The spinning top candlestick pattern is an indecision candlestick pattern that shows neither the buyers or sellers are currently in control.
In a similar way to an inside bar you can use the information the spinning top provides to both find new trades and also manage any open trades.
In this post we go through exactly what the spinning top is and how you can successfully use it in your own trading.
What is the Spinning Top Candlestick Pattern?
The spinning top is a pattern that has a small candlestick body and upper and lower wicks or shadows of similar lengths.
This candlestick is showing that price moved both higher and lower around the same amount during the session, but ultimately at the end it closed close to where it started.
This shows us that there is a lot of indecision. With this candlestick price tried to move higher and also tried to move lower, but in the end it could not make a move in either direction.
Why is this information important? Because when price is undecided it tells us about what may happen next. For example; if price is in a range and we see an indecision candlestick form, then we can expect to see more ranging price action. If after a strong move in one direction all of a sudden price forms an indecision candlestick, it shows price may be preparing for a reversal.
How to Identify the Spinning Top Candlestick Pattern?
The chart example below shows two spinning top candlestick patterns in action.
The thing to note with this example is the price action that the pattern formed in. Price had been forming within a sideways range. This is very important information because where the spinning top forms is key to the information it provides us.
In this example because the spinning top is formed within a very congested and sideways range, then we can expect to see more sideways movement. This is because when price action is in a range neither the bulls or bears have control. Price is simply rotating higher and lower in a tight tug of war. The spinning top shows the same information just over one candlestick and not many.
Is the Spinning Top Bullish or Bearish?
Strictly speaking the spinning top chart pattern is not a bullish or bearish pattern. Unlike other patterns such as an outside bar that may be signalling a new strong reversal, the spinning top is signalling indecision.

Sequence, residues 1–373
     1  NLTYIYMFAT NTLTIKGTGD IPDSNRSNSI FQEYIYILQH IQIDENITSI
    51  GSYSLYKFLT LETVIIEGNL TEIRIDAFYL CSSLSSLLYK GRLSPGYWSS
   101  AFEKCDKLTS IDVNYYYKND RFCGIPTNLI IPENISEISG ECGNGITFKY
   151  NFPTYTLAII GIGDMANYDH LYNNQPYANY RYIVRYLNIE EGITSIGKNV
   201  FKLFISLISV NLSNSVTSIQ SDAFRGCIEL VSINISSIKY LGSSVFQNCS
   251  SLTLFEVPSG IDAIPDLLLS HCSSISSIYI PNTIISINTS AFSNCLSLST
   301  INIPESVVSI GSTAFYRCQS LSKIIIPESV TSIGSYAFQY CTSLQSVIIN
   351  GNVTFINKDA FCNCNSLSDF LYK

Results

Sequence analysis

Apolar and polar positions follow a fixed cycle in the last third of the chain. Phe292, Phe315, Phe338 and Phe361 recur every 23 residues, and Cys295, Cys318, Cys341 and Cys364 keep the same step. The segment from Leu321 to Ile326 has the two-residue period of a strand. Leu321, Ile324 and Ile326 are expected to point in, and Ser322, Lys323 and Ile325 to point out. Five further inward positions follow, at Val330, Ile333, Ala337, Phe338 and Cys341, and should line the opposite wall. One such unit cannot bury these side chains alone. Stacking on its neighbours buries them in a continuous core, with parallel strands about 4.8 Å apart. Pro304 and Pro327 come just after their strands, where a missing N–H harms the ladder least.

With that said, depending on where the spinning top forms it can signal a new potential bullish or bearish move.
See the example below. With this example the key thing to note is the price action that had formed beforehand. Price had been in a very strong move higher. In this example the spinning top signals a new potential reversal lower.
The important thing is the confirmation and where price breaks in the following sessions following the spinning top. With this example we can see that price makes a new strong break back lower.
How Do You Trade the Spinning Top Pattern?
Whilst you can use the spinning top as a potential trade entry candlestick similar to how you could use an inside bar, it is best used for the information it provides.
Understanding that where the pattern forms and in what type of price action situation it forms is key.
With this information you could then start to look for new potential trades in the coming sessions or you could manage any other trades you have open.
An example of this could be when you see a spinning top formed within a range and tight sideways movement. This could signal to you that more sideways movement is coming and you could start to look for new range trades.
Another example would be using the spinning top to manage your trades. An example of this could be if you were in a long trade and after a strong move higher price forms a spinning top. This could be your clue to either start trailing your stops into profit or moving your stop into breakeven in case price makes a quick reversal.